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The Cult of Saints in Late Antiquity

from its origins to circa AD 700, across the entire Christian world

Painted Greek inscription with an invocation of *Mary (Mother of Christ, S00033) as the God-Bearer, asked to protect a comes. Found in Salamis/Constantia (Cyprus). Probably 5th-6th c.

Evidence ID


Type of Evidence

Inscriptions - Graffiti

Inscriptions - Inscribed architectural elements

τὸν κόμ(ητα), τὸ τ[έκνον] (?)
τοῦ ὑπάτου, φύλ
ἀφθόνος, ἁγία
Θεοτόκε (

'+ O holy God-Bearer, protect from envy Konstantinos, count (
comes), [son (?)] of a consul! +'

Salamine de Chypre XIII, no. 234.

Non Liturgical Activity

Saint as patron - of an individual


Other miracles with demons and demonic creatures

Protagonists in Cult and Narratives



Inscription in brick-red paint in a medallion on a column in the colonnade of the South Portico of the gymnasium in Salamis/Constantina. Diameter of the medallion: 0,49 m; letter height 0.045-0.065 m. From the rim of the medallion extend streamers, making it look like the eclipsed sun.

The inscription was first recorded in 1955 during excavations by the Department of Antiquities, supervised by Andreas Dikigoropoulos and Vassos Karageorghis. The column later collapsed. Despite it being restored, the right-hand side of the inscription was lost. The text was partially transcribed and published by Arthur Megaw already in 1955 in the excavation report (lines 2-4), but the first complete edition was offered by Terence Bruce Mitford and Ino Nicolaou in
The Greek and Latin Inscriptions from Salamis in 1974.

The adjacent column was inscribed in a similar manner, but that text is illegible.


The inscription is an invocation of Mary, Mother of Christ, as the God-Bearer (Θεοτόκος) on behalf of the count (comes) Konstantinos. The saint is asked to protect him from envy, probably from a curse by envious aristocrats or the so-called 'evil eye'. The first editors, Terence Bruce Mitford and Ino Nicolaou, supposed that Konstantinos was a Count of the East (Comes Orientis), residing in Antioch, as the province of Cyprus was within the diocese supervised by these high-ranking officials. The inscription resembles other common acclamations of Counts of the East, found on Cyprus, and is unlikely to have commemorated any peculiar involvement of the count in the life of the city (for example the restoration of the colonnade, where the inscription was found, as supposed by Megaw).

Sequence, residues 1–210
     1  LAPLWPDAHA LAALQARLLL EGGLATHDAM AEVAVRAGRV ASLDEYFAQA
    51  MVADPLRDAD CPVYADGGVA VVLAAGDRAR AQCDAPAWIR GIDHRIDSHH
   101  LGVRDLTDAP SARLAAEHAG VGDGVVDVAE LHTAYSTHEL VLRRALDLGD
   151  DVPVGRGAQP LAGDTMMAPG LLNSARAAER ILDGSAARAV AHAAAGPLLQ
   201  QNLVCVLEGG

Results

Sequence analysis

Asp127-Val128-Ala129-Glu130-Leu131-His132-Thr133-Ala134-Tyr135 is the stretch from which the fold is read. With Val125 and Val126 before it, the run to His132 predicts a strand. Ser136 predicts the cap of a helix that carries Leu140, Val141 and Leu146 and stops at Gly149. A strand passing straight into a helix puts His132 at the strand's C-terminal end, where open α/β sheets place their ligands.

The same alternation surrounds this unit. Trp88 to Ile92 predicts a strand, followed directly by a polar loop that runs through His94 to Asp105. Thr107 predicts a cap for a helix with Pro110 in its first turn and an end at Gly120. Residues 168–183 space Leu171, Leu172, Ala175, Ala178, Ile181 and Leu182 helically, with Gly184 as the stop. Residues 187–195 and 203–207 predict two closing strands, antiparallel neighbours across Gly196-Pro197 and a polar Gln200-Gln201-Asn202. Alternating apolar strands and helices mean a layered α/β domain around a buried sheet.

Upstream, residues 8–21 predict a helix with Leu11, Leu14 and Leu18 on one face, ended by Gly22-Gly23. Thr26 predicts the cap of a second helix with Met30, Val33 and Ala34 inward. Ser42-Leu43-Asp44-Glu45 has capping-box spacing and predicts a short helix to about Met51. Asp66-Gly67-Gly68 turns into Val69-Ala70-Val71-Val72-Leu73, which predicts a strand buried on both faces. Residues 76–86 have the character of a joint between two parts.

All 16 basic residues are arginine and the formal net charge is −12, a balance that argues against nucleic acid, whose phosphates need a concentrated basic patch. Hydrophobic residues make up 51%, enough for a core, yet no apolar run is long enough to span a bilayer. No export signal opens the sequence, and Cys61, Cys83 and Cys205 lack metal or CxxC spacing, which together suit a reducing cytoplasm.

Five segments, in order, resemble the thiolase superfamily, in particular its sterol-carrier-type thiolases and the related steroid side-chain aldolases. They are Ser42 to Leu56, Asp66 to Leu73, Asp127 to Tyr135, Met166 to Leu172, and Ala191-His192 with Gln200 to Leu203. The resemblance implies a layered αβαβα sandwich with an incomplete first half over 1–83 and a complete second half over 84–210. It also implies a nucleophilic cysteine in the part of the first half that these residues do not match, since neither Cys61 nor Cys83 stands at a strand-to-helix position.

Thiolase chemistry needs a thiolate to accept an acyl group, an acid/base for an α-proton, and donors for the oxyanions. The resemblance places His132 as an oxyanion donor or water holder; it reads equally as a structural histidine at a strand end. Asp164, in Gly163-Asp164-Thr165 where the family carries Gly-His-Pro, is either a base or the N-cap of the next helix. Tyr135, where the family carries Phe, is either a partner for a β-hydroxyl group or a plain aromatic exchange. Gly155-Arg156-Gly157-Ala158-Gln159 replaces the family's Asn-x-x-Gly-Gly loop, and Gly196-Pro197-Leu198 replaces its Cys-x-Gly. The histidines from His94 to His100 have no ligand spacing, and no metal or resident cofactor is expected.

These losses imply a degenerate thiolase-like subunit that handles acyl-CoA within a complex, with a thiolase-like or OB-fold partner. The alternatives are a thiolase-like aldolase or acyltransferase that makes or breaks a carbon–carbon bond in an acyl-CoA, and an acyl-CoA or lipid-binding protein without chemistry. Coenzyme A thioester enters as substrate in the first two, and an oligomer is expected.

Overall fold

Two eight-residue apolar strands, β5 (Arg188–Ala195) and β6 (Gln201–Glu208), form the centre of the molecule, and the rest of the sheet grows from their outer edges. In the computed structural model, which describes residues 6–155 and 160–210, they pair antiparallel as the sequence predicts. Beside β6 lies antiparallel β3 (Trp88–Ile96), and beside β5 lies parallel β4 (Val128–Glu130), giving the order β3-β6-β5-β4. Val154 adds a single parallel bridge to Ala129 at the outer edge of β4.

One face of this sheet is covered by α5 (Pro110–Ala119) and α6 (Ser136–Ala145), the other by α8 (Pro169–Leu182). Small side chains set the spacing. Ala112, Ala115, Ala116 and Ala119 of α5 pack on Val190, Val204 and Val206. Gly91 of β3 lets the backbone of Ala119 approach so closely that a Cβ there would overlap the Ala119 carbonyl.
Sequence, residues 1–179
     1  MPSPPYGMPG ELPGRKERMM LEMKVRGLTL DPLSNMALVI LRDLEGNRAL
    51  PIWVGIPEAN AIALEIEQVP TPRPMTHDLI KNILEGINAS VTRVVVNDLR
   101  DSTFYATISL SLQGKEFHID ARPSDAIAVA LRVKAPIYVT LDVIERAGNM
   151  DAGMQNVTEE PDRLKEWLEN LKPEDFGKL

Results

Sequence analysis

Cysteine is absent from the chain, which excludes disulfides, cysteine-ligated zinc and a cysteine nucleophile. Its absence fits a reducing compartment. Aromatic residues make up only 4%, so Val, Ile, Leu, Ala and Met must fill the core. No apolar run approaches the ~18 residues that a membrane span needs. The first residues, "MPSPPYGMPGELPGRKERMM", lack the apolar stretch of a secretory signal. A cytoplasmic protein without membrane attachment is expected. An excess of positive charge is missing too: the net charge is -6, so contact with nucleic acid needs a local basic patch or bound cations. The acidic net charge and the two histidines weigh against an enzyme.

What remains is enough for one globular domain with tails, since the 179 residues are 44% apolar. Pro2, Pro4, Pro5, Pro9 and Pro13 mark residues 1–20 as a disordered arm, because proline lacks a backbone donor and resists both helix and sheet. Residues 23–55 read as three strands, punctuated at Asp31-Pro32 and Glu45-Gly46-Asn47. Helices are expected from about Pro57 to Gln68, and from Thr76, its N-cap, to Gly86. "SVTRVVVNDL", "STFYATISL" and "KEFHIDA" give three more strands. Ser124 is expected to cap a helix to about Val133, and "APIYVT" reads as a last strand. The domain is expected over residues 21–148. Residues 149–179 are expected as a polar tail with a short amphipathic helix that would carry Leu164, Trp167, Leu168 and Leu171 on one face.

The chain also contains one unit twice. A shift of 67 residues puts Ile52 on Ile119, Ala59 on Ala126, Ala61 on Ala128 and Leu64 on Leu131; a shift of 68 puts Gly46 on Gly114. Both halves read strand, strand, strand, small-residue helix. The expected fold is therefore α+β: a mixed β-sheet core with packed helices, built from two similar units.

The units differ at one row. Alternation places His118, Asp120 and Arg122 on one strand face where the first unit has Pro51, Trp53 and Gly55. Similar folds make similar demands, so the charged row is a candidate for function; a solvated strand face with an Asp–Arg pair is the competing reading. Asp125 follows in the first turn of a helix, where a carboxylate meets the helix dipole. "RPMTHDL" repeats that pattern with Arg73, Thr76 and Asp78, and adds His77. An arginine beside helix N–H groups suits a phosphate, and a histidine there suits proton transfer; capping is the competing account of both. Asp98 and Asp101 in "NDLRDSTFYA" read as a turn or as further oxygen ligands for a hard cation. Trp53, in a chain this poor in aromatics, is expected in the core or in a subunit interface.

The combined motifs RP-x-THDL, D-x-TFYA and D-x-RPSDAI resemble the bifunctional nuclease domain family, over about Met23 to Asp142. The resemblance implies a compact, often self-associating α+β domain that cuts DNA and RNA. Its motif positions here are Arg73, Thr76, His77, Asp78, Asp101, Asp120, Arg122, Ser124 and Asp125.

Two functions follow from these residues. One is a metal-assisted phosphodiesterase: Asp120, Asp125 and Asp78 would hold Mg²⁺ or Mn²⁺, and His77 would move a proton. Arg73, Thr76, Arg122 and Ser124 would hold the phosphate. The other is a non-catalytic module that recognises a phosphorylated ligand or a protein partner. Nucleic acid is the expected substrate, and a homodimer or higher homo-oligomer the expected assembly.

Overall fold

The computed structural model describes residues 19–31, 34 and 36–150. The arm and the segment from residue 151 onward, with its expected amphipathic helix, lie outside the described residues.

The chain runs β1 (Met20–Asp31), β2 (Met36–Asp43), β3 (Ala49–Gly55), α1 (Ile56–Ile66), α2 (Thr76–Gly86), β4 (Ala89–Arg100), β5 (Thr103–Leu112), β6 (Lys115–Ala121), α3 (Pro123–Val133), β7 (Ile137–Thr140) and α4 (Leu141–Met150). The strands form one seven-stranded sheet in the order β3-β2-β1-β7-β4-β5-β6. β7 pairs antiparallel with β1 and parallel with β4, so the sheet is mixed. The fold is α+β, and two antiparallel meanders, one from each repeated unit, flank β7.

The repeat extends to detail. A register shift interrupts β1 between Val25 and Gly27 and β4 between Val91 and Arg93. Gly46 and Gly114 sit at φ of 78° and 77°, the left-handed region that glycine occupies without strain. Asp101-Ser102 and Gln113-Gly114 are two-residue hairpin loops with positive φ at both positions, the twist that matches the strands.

Dating: Mitford and Nicolaou dated the inscription to the 5th or 6th c., based on the letter forms. It is also probable that the inscription predates the 7th c. Arab raids, which were disastrous for the island.


Pouilloux, J., Roesch, P., Marcillet-Jaubert J. (eds.), Salamine de Chypre XIII Testimonia Salaminia 2. Corpus épigraphique (Paris: Diffusion de Boccard, 1987), no. 234.

Mitford, T.B., Nicolaou, I.K.,
The Greek and Latin inscriptions from Salamis (Nicosia: Published for the Republic of Cyprus by the Dept. of Antiquities, 1974), no. 56.

Further reading:
Megaw, A.H.S., "Archaeology in Cyprus, 1955", Archaeological Reports (JHS Supplement) 2 (1955), 44.

Reference works:
Bulletin épigraphique (1976), 751.

Record Created By

Paweł Nowakowski

Date Last Modified


Related Saint Records
IDNameName in SourceIdentity
S00033Mary, Mother of ChristΘεοτόκοςCertain

Please quote this record referring to its author, database name, number, and, if possible, stable URL:
Paweł Nowakowski, Cult of Saints, E01321 -